One cool thing about Twitter is that some celebrities will reply to you. They don't follow you, but they know when you reply to something they've posted. There are some in my feed who are particularly good about that, and I appreciate it. It makes me like them that much more and maybe want to buy their records or their books or their clothes or to eat their food or to vote for them. Others either get too many tweets or don't like my replies or who knows what, but I pretty much never hear from them. It's not that I expect to. But when someone actually takes the time to send replies to someone they don't know, and sometimes quite lovely replies, then as far as I'm concerned they win Twitter.

I don't think I would ever make my stream private again. Facebook is my private "Twitter stream." On Twitter, I am very public. And I love being public. I love the fact that I'm connected, at least potentially, to the entire Twitterverse, and everyone else in it to me. I'm fascinated by the possibilities!

Tweet and retweet

Sometimes people, including celebrities, will "favorite" your tweet. That means they liked it. But sometimes they will retweet your tweet, which means it goes to all their followers. I know I've gained followers because someone that someone else likes and follows saw my tweet in their feed, and either they find me interesting or they just like the fact that we follow the same person. Retweeting is the real power of Twitter, because it creates a web of connections. I generally don't pay attention to the people someone will list in their "follow Friday" tweets. But I have often followed someone because I saw an actual tweet from them and it was good, or else I just thought, hey, there's someone I'd like to follow.

There is quite a lot of etiquette on Twitter, not all of it obvious. One thing is that you really should upload a photo or avatar. Without that, you are represented by the default "egg." And the egg means you're either a newbie who doesn't know better or someone who doesn't care enough about their Twitter stream.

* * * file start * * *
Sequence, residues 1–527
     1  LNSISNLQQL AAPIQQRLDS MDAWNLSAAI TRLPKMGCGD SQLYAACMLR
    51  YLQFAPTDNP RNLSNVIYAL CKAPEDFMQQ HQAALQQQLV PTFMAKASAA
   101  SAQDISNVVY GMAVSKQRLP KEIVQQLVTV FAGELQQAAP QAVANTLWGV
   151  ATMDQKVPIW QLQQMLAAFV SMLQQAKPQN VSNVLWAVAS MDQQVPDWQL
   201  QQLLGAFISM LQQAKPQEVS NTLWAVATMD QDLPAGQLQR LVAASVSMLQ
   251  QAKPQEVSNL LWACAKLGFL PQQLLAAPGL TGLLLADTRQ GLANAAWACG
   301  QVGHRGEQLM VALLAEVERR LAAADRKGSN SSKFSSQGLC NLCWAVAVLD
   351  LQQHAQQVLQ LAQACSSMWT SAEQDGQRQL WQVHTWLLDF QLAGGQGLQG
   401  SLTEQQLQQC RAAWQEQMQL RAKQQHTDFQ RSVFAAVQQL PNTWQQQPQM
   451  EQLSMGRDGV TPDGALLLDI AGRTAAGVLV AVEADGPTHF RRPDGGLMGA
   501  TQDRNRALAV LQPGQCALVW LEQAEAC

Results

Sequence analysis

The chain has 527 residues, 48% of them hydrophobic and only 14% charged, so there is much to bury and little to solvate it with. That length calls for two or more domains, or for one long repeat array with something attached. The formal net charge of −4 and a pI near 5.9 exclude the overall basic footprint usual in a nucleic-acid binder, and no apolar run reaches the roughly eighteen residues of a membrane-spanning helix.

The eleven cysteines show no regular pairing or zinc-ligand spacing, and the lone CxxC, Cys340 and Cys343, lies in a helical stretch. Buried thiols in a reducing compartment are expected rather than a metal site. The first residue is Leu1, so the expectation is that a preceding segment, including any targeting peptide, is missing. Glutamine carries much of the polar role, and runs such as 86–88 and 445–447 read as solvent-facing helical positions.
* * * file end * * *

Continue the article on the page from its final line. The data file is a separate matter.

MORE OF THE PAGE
Another is about how much to tweet. Some of that depends on who (or what) you are, but in general if you tweet too much it will be perceived as spam. At least to me. If I see a person or club who posts or retweets several or even dozens of tweets in rapid succession, my eye learns to skip over them. Tweeting frequently during the day seems to me to be a good strategy—thus the popularity of automated management software like Hootsuite—but tweeting all in a lump, not so much. And then, there is tweeting too little, which seem to me a way for people to forget who you are, unless of course you're very famous.

There is a lot of strategy to tweeting. For the band, the tweets about gigs and with links to songs are important, but so are tweets that have nothing directly to do with the band. For both accounts, I want to get people's attention, and when people are looking at so much informaiton in a day, that takes some doing. So sometimes I might want to be a bit outrageous, more so with my own account than with the band's. And I always want to be clever and interesting.

Not too peevish

I have my own pet tweet peeves. One is when tweets are really updates on Facebook. If the update is too long for a tweet, it gets cut off and followed by a link to Facebook. Really, people, Facebook and Twitter are two different things. I know it takes a lot of time and effort to keep up with both, but I really don't like it when your tweet isn't actually a tweet. I do not want to get dragged to Facebook! A related pet peeve is when people use Twitter to ask you to "like" their Facebook page. I get it. We need both. But really, when I'm on Twitter, I'd like to think about Facebook as little as possible. And I would rather follow your twitter stream than "like" your Facebook page. I bet I'm not alone in that.

Despite pet peeves, I really am a Twitter fangirl. I hope it sticks around for a while and doesn't change too much. I want to hit that sweet spot of being followed more than I follow!

As for why people whom I don't know would want to read my or the band's tweets, there is only one way to find out: follow @v_diz and/or @lisashotcakes.